The reasoning is more direct when consumers were asked why they wanted to shop with merchants that provide digital purchasing options. The most common reason consumers gave is the fear they of contracting COVID-19. This reasoning is most prevalent among baby boomers. Forty-seven percent of baby boomers and seniors who choose merchants for their digital offerings say it is because they might otherwise contract COVID-19, and 41.5 percent of Generation X consumers and 33.6 percent of millennial consumers say the same.
What would a return to normal look like? The two big things consumers cite are a vaccine and a big drop in COVID-19 cases. Fifty-nine percent reported a vaccine has to be readily available before they would feel comfortable returning to their previous routines, and 58 percent of consumers said they would need to see a decrease in the number of new COVID-19 cases before feeling comfortable returning to their pre-pandemic routines.
The first, we know, is going to be a quite a wait — perhaps even longer than expected since the vaccine’s progress has hit some snags in recent days. Cases, in the U.S. and around the world, are not falling, they are spiking.
The Second Wave Rushes Forward
The U.S. is reporting another record-high average number of new cases of the coronavirus, and top health officials warned Wednesday (Oct 28) that the country is at a “critical point.”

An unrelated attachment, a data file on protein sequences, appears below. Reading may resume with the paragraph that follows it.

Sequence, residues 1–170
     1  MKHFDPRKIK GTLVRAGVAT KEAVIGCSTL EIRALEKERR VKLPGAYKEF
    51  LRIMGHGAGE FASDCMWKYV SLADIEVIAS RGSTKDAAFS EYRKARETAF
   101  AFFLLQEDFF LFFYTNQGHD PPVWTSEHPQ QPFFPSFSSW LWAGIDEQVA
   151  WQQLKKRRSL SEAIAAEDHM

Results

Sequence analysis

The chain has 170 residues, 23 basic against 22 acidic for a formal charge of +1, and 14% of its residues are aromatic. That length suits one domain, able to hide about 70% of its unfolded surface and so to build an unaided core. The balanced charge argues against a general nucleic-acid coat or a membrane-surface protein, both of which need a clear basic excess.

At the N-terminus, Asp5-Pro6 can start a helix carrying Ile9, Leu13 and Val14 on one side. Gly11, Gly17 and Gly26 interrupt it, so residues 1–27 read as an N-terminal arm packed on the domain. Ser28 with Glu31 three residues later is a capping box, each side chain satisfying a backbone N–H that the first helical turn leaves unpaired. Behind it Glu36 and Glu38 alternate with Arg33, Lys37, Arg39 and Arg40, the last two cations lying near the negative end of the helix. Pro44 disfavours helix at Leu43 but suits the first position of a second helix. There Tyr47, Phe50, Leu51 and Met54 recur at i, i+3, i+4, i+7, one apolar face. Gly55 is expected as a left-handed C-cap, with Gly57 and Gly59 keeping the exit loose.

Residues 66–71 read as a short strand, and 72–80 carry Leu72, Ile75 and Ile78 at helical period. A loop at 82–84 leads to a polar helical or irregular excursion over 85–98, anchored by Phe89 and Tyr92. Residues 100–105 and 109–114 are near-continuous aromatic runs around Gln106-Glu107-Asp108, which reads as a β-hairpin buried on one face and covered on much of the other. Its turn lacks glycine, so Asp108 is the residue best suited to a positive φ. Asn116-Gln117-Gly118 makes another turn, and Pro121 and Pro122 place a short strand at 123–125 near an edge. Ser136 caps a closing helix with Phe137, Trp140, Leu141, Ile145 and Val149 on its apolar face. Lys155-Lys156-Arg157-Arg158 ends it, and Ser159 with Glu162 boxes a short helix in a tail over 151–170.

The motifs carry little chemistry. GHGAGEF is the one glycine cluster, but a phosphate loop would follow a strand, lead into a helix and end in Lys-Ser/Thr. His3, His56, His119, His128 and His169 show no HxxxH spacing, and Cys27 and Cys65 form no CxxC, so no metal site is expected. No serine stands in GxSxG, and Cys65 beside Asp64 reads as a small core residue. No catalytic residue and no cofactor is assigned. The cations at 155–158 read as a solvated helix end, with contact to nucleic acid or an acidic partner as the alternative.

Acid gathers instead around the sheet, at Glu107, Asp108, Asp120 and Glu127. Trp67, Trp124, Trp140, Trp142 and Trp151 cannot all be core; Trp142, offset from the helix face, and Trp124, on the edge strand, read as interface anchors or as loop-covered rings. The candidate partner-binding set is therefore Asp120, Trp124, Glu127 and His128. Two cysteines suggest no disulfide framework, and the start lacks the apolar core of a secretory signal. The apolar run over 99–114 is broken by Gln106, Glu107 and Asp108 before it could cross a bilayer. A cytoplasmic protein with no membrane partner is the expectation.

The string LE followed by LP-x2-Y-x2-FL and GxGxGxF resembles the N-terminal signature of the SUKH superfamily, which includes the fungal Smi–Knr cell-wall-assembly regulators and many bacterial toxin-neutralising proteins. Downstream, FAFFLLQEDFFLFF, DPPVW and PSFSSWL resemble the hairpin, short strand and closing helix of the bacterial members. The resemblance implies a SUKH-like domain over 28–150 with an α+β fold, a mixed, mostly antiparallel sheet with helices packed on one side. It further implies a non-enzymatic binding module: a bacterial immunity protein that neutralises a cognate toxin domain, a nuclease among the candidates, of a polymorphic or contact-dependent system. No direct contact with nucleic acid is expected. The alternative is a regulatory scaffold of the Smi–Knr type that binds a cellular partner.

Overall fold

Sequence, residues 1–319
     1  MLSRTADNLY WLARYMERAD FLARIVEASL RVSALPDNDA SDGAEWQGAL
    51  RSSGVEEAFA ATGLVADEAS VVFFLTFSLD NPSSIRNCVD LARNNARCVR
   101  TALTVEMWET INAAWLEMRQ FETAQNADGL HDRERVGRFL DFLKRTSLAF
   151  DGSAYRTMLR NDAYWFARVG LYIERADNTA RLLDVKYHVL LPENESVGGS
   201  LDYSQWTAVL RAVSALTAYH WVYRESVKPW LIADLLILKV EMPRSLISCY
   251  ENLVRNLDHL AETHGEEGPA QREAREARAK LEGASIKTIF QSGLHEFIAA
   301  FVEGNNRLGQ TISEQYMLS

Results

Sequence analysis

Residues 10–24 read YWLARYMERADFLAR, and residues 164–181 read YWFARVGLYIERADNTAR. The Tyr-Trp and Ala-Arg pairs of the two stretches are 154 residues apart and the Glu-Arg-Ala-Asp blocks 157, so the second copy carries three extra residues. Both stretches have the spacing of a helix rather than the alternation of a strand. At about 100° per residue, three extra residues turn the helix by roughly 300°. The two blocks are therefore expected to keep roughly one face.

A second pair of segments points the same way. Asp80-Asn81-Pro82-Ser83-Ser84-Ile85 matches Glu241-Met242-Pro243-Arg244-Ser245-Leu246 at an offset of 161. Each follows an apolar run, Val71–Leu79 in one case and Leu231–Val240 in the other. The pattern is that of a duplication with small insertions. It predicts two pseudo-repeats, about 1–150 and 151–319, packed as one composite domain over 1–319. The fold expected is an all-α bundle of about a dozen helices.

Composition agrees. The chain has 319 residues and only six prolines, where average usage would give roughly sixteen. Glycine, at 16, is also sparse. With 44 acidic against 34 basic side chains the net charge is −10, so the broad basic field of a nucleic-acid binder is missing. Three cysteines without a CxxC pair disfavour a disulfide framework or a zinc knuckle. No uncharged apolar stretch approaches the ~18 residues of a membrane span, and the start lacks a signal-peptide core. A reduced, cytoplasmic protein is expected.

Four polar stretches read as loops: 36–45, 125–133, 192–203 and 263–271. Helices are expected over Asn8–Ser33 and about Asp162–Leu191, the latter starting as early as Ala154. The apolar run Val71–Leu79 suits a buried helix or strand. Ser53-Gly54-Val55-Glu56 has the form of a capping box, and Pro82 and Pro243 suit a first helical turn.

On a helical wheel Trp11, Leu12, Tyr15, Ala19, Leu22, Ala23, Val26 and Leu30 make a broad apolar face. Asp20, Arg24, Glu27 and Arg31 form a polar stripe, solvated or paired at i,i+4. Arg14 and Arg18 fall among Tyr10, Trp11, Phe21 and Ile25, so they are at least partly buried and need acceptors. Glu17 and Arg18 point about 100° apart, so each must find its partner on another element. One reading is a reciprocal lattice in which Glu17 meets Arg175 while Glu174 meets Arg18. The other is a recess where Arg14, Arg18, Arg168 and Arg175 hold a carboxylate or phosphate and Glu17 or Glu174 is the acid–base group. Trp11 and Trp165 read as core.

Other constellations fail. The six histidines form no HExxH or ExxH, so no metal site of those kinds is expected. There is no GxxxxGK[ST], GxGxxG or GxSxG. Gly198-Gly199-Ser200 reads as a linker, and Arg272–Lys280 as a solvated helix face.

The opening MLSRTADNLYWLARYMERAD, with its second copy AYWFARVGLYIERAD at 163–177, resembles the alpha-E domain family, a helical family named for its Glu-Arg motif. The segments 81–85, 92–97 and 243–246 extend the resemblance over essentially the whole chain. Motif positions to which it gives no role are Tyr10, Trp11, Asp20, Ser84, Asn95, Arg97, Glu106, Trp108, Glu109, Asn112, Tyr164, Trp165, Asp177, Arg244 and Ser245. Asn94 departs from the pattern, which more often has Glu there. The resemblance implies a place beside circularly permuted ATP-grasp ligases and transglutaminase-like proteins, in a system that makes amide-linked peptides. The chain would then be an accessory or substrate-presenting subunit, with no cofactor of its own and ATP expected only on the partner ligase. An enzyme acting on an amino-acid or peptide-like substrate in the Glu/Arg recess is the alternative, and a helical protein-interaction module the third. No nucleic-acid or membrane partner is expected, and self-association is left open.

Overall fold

“As the nation did after Memorial Day, we are at another critical point in the pandemic response,” Adm. Brett Giroir, assistant secretary of health who leads the government’s testing effort, said Wednesday on NBC’s “TODAY” show. “Cases are going up in most states across the country. Hospitalizations are up, although we’re still tens of thousands of hospitalizations below where we were in July, but that is rising. And we are starting to see the increase in deaths.”
Thirty-six states are reporting a sharp uptick in hospitalizations, with the number of people admitted for the virus up 5 percent week-on-week at a bare minimum, according to data from the COVID Tracking Project, which tracks testing, hospitalization and other data on the outbreak. Cases are up by at least that amount in 45 states, according to Johns Hopkins data.
And in some places, those figures are quite a bit higher, and more disturbing. In El Paso, Texas, a curfew has been put into place to slow the rate of infection to aid “overwhelmed and exhausted” hospitals and workers. According to CNBC reports, Texas has had an average of about 4,970 COVID-19 patients in hospitals on any given day over the past week, up more than 18 percent compared with the previous week.
The Shutdowns Start Up Again
The situation with rising case numbers and hospitals publicly expressing fears of being overwhelmed in the U.S. mirrors the second wave scenario currently unfolding across the Atlantic in the European Union, as PYMNTS has previously reported.
And as of Wednesday, the EU response to the shutdown is intensifying — both Germany and France announced new nationwide lockdowns. The German shutdown will be four weeks long and entail the closure of restaurants, bars, cinemas, theaters and other leisure facilities in a bid to curb a sharp rise in coronavirus infections.